E-Citizen portal gazetted as government’s official digital payment platform

That 50bob is the crux of the matter and source of all legal tussles.


On Sat, 31 Dec 2022, 16:46 James Mbugua via KICTANet, <
kictanet@lists.kictanet.or.ke> wrote:

> This country just when you think you’ve heard it all, you get shocked.
> The convenience fee of Sh50 seems to be everywhere coz I’ve noticed it
> when registering my clients with the Office of the Data Protection
> Commissioner. There is a 50 bob that appears upon receipt generation.
> JG
> On Sat, Dec 31, 2022 at 3:20 PM Odhiambo Washington <odhiambo@gmail.com>
> wrote:
>> On Sat, Dec 31, 2022 at 1:11 PM James Mbugua via KICTANet <
>> kictanet@lists.kictanet.or.ke> wrote:
>>> What were the disputes?
>> nation.africa/kenya/news/e-citizen-scandal-webmasters-the-dci-probe-that-never-was-and-what-omtatah-wants-in-court-4062006
>> —
>> Best regards,
>> Odhiambo WASHINGTON,
>> Nairobi,KE
>> +254 7 3200 0004/+254 7 2274 3223
>> “Oh, the cruft.”, egrep -v ‘^$|^.*#’ ¯\_(ツ)_/¯ 🙂

1 thought on “E-Citizen portal gazetted as government’s official digital payment platform

  1. Cannot find this notice either at:

    Hopefully, if this was not a roadside announcement, the full notice will
    clarify “official government digital payment platform”.

    Direct payments on e-citizen are handled by a third party payments provider.

    In addition to the third party payments processor currently being used
    in e-citizen, there are a number of companies and banks that provide
    payment options such as mobile payments, credit cards, direct deposit etc.

    Will e-citizen issue payment slips and check against deposits?

    Will county governments be forced to use e-citizen thereby preventing
    development of other infrastructures and broadening the pool of local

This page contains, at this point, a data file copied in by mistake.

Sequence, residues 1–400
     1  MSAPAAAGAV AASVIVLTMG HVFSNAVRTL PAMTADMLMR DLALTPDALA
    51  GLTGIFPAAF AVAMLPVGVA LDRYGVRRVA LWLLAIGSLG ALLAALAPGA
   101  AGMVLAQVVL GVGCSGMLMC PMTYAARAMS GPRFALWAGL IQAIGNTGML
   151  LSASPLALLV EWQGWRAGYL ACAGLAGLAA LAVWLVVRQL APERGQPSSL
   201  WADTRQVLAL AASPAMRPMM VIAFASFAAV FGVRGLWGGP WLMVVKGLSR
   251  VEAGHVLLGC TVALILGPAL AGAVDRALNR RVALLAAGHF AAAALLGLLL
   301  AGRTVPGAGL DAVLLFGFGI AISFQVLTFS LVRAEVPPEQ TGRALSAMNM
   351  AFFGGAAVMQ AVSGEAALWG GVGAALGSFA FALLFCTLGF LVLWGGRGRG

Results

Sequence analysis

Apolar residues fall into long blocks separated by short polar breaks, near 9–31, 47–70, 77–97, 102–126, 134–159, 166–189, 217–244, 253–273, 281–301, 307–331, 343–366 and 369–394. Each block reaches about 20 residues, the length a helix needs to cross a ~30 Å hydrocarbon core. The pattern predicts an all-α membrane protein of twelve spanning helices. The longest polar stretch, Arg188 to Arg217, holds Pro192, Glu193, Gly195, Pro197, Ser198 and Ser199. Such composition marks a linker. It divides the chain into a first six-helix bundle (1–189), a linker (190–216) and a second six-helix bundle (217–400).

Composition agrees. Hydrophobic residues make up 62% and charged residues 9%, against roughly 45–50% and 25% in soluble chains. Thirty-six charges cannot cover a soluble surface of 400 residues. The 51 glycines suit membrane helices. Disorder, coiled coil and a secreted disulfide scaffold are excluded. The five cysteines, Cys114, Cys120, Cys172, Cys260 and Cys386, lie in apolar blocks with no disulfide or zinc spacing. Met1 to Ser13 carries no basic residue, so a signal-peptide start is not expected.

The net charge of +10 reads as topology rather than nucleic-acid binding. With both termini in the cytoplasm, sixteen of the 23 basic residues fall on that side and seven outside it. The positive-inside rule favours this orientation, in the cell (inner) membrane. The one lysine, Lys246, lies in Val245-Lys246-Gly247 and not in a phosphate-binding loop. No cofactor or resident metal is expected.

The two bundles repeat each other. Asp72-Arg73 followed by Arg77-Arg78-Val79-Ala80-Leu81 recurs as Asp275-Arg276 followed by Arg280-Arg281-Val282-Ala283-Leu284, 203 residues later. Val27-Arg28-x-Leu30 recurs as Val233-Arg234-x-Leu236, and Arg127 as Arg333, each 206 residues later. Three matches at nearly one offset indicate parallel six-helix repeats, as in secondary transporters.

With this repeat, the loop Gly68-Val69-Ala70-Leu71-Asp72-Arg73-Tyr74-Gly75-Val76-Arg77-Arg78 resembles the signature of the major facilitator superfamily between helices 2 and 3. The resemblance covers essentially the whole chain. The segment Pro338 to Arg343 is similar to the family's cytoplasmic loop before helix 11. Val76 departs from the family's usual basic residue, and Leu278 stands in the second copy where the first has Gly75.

people with expertise and experience that can provide such services?

    What happens if there is a cyber attack on e-citizen? Will all
    electronic government services be shut down?

    As noted by Alex Watila, e-citizen has serious shortcomings. Preventing
    creation of spaces for development of alternatives is short sighted.

    e-citizen is of course helpful for verifying persons and possibly also
    companies in Kenya. While it can be used as an authentication service,
    other government functions should be handled as much as possible by the
    relevant government departments on separate infrastructure with
    information communicated on a need to know basis after appropriate
    authorization (which can be electronic).

    The tendency towards centralization and “Big Brother knows everything”
    is quite alarming and a threat to national sovereignty.

    A design of e-citizen that enables others to extend upon it accessing
    information they need seems more useful. In particular one that allows
    for protection of data, citizen privacy and also allows for information
    correction. It would be good for ODPC to do an annual audit of
    e-citizen, and release the resulting report publicly.

    On 1/1/23 20:53, Johnsey Kivoto via KICTANet wrote:

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